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Microsoft Ajax events - part 1: subscribing

When building Ajax applications, you basically deal with two kinds of events. First, there are DOM events, and second, events from JavaScript objects. This second category is not part of the EcmaScript specs (or of the DOM specs, of course) so each framework needs to define its own pattern to expose events. This makes it more difficult for developers to include components built on different frameworks into a single page, which is one of the problems that OpenAjax tries to solve. I'll get back to this in a future post and show how to integrate Microsoft Ajax events in the OpenAjax hub.

As with other parts of the Microsoft Ajax framework, we've tried to adhere to the .NET patterns as much as possible when we designed events in Microsoft Ajax. Events are defined by their "add" and "remove" accessors, which respectively add and remove handlers. For instance, PageRequestManager exposes a "beginRequest" event by exposing the "add_beginRequest" and "remove_beginRequest" methods. Both add and remove accessors have the same signature, which is that they take a single "handler" parameter of type Function.

So handling an event is twofold. First, you must subscribe to an event, which is as simple as the following highlighted code:

<%@ Page Language="C#" %>

<!DOCTYPE html PUBLIC "-//W3C//DTD XHTML 1.0 Transitional//EN"
"http://www.w3.org/TR/xhtml1/DTD/xhtml1-transitional.dtd"> <html xmlns="http://www.w3.org/1999/xhtml"> <head runat="server"> <title>Untitled Page</title> <script type="text/javascript"> function pageLoad() { var prm = Sys.WebForms.PageRequestManager.getInstance(); if (!prm.get_isInAsyncPostBack()) { prm.add_beginRequest(onBeginRequest); } } function pageUnload() { Sys.WebForms.PageRequestManager.getInstance()
.remove_beginRequest(onBeginRequest); } function onBeginRequest(sender, args) { Sys.Debug.trace(args.get_postBackElement().value +
" triggered a postback."); } </script> </head> <body> <form id="form1" runat="server"> <div> <asp:ScriptManager runat="server" ID="SM1"></asp:ScriptManager> <asp:UpdatePanel runat="server" ID="UP1"> <ContentTemplate> <asp:Button runat="server" ID="Button1" Text="Button 1" /> <asp:Button runat="server" ID="Button2" Text="Button 2" /> <asp:Button runat="server" ID="Button3" Text="Button 3" /> </ContentTemplate> </asp:UpdatePanel> <textarea id="TraceConsole" cols="40" rows="15"></textarea> </div> </form> </body> </html>

This page starts by subscribing to the beginRequest event of the page request manager. The handler for the event which is passed to add_beginRequest, onBeginRequest, looks at the event arguments and displays the value of the button that triggered the postback in the trace console. This brings us to the second half of using events, writing the handler. All Microsoft Ajax event handlers, by convention, and exactly like in .NET, have a similar signature: they take two parameters, the event sender and the event arguments. The sender is the object that raised the event (in the example above, that would be the PageRequestManager) and the arguments are an instance of a type that derives from Sys.EventArgs. Many events will be associated with a specific argument class to enable the handler to get additional and specific information about the event. In the example above, we're using the postBackElement property of the arguments, which are of type Sys.WebForms.BeginRequestEventArgs. Similarly, the propertyChanged event on Sys.Component is associated with Sys.PropertyChangedEventArgs, which exposes a propertyName property that enables the handler to determine the name of the property that triggered the event. In other words, to learn how to properly handle an event, start by exploring its associated arguments class.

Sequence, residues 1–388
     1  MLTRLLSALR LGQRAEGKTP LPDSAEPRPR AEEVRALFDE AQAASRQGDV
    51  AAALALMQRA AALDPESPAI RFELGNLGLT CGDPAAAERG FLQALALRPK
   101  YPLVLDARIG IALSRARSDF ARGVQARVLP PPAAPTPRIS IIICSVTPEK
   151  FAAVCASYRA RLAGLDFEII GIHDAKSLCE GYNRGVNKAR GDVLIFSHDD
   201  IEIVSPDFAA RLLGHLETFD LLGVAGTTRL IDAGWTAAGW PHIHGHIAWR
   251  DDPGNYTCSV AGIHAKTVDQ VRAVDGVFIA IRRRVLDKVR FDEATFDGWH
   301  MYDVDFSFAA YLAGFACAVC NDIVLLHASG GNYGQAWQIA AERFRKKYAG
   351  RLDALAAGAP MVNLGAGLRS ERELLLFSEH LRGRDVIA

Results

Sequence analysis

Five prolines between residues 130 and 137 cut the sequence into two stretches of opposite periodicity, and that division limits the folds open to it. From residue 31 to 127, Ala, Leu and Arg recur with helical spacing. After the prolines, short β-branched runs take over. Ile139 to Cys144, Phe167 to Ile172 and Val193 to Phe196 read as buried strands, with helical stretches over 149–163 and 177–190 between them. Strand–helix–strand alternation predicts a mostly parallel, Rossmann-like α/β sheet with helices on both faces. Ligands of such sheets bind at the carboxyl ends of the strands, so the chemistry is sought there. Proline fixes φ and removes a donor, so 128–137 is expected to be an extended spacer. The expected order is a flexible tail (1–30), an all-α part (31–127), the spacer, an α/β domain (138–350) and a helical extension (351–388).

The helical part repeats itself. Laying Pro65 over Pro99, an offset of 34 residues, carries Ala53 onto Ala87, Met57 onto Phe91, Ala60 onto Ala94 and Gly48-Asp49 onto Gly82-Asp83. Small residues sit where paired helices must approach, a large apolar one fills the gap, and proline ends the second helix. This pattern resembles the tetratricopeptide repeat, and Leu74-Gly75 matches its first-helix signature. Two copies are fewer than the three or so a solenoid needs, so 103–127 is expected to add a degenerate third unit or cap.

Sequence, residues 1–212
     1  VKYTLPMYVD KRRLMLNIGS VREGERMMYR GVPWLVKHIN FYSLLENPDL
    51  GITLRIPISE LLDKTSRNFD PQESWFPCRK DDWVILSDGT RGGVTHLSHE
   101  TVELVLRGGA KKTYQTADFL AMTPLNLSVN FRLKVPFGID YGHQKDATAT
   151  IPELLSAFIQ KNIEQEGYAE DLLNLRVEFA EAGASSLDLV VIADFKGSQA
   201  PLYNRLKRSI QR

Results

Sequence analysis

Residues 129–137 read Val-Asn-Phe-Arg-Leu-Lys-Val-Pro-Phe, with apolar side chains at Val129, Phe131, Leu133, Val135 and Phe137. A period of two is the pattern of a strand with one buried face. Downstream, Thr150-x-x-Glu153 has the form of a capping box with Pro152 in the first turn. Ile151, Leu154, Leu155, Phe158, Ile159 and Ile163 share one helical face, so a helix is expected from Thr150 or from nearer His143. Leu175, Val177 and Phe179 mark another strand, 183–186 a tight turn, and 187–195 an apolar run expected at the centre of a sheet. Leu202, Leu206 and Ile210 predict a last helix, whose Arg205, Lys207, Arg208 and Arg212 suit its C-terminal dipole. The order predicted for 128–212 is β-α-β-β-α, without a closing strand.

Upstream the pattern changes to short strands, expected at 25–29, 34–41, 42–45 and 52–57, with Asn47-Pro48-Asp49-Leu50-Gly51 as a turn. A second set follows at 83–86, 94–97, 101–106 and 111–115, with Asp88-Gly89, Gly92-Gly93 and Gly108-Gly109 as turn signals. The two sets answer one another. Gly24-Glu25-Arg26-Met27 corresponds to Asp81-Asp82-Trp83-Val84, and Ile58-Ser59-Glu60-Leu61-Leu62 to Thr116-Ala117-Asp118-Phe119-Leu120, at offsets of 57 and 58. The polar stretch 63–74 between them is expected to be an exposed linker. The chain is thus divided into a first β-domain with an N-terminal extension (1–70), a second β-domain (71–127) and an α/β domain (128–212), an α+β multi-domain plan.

In the next post, I'll show how to expose a custom event from your own classes:
http://weblogs.asp.net/bleroy/archive/2007/05/22/microsoft-ajax-events-part-2-exposing-events-from-custom-classes.aspx

Comments

Ron said:

Bertrand, How is the event subscription model implemented internally? Is it done using closures? Thanks.
# May 17, 2007 9:59 AM

Ryan Williams said:

I didn't realize that you can use a pageLoad() and pageUnload() handler that is automatically called by the framework. Neat.
# May 17, 2007 8:33 PM

Bertrand Le Roy said:

Ron: not sure what you mean. Can you be more specific?

# May 18, 2007 12:45 AM

Jesse said:

This is great stuff! Keep it coming! I was wondering if I could use this with an end handler to change the size of divs on a page after the event fired. I am having some issues in firefox with sizing divs with all this dynamic changing going on. If you have an example of this I would really appreciate it! I have been trying to get it to work but with no success thus far
# May 22, 2007 6:03 PM